Having been denied entrance at CLO I met my friend and we walked North a few blocks to Bar Boulud.  I’ve never quite made it into this place (although I have wanted to for a while) but picked the right night tonight.  Well, only insomuch as the place was empty.  Between the two of us we tasted (2 oz pours) about 7 different wines.  We enjoyed about 5 of them so that went well.  The help was nice, attentive (that isn’t saying much as we were 2 out of maybe 10 people there – but it was the last hour of the night; 10-11PM) and knowledgeable.  Our first round (of tastes) was brought over by a gentleman with an accent – I think it was French.  He was professional, knowledgeable, nice, even apologetic when I asked for a wine within a flight to be replaced with another (didn’t happen).  But I must admit (and please don’t think me a bigot) I find something so damned pretentious about people with French accents speaking about wine.  Maybe I am just jealous…who knows.  What can I tell you…it just rubs me the wrong way.  You all know how much I hate pretension in wine so I am sure I’m overreacting.  Over all though I have nothing to complain about as it was a pretty cool place with good wines & good service.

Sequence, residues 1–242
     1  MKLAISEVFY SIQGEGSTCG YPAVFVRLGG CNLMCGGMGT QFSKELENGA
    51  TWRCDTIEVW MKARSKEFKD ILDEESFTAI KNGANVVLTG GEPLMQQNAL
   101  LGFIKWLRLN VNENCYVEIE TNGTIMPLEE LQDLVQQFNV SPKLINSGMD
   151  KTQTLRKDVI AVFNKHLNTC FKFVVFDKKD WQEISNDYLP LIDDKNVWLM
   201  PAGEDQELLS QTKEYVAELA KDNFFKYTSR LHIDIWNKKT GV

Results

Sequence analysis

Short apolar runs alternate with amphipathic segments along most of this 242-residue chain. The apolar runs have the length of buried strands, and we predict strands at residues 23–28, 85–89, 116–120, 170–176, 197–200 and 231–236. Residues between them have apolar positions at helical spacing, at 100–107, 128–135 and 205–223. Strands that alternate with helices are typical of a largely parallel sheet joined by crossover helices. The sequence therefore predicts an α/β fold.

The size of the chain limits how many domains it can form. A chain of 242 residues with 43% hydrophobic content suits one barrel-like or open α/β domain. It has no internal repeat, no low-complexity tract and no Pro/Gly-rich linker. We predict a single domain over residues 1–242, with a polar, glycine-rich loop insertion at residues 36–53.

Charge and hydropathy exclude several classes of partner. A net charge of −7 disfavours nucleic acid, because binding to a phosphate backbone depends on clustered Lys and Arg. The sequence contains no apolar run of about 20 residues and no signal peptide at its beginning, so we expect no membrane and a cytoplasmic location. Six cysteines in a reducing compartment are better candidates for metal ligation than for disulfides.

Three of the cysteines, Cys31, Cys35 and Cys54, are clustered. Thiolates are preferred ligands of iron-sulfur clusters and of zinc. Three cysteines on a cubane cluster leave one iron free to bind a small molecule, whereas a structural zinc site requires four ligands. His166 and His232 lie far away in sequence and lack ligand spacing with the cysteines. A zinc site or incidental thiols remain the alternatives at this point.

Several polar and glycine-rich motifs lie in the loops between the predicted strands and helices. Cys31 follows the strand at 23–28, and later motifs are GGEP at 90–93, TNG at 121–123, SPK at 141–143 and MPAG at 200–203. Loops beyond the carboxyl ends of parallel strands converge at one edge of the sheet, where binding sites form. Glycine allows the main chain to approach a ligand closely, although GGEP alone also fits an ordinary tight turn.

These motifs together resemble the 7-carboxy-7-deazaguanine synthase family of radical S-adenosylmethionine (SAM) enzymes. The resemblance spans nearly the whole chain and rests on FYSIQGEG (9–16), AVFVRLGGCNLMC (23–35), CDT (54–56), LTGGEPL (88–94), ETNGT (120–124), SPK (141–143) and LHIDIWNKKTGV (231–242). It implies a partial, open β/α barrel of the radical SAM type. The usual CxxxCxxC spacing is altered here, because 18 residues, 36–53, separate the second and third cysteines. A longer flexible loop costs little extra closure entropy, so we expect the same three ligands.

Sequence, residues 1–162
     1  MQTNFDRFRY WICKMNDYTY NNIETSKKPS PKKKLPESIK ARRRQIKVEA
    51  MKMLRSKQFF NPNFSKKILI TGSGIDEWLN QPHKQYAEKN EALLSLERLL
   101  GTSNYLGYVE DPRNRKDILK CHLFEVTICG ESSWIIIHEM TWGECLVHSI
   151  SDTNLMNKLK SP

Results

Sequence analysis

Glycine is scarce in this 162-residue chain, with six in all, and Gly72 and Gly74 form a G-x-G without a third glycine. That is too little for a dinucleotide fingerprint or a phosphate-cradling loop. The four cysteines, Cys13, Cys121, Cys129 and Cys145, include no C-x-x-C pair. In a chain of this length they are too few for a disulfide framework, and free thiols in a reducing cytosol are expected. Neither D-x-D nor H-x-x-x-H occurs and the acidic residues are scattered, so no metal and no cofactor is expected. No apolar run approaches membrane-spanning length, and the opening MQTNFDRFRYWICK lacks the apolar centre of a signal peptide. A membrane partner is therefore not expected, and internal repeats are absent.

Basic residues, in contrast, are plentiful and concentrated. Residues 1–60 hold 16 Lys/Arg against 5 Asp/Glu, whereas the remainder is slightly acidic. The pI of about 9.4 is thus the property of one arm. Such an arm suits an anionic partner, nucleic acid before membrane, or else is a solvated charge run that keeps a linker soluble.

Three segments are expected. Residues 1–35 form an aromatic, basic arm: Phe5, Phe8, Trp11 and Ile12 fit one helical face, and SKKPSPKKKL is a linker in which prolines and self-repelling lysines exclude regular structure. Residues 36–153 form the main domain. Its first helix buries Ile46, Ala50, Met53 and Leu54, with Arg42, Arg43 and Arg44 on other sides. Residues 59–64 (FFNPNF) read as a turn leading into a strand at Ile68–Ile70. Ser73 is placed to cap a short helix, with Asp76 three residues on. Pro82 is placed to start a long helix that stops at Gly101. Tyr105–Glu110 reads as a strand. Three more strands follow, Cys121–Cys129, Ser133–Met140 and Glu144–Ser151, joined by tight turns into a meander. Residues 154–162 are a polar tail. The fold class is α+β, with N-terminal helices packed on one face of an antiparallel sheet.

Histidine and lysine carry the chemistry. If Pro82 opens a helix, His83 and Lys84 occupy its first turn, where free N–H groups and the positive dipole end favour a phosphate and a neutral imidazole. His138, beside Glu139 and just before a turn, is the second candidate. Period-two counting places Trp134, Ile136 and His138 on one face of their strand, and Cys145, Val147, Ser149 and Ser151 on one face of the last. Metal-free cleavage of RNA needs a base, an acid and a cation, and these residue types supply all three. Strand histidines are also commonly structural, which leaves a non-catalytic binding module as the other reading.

NOW – back to the aforementioned WINES OF ISRAEL: Mediterranean Inspiration tasting.  It is happening tomorrow; Tuesday February 3rd. I’m sorry for not notifying you of this sooner, but it is an industry event primarily for media and those in the trade.  But fear not, most/many of these wines (and others) will be coming to a location near YOU very soon.

If anyone has specific questions about the event feel free to be in touch (pre or post event).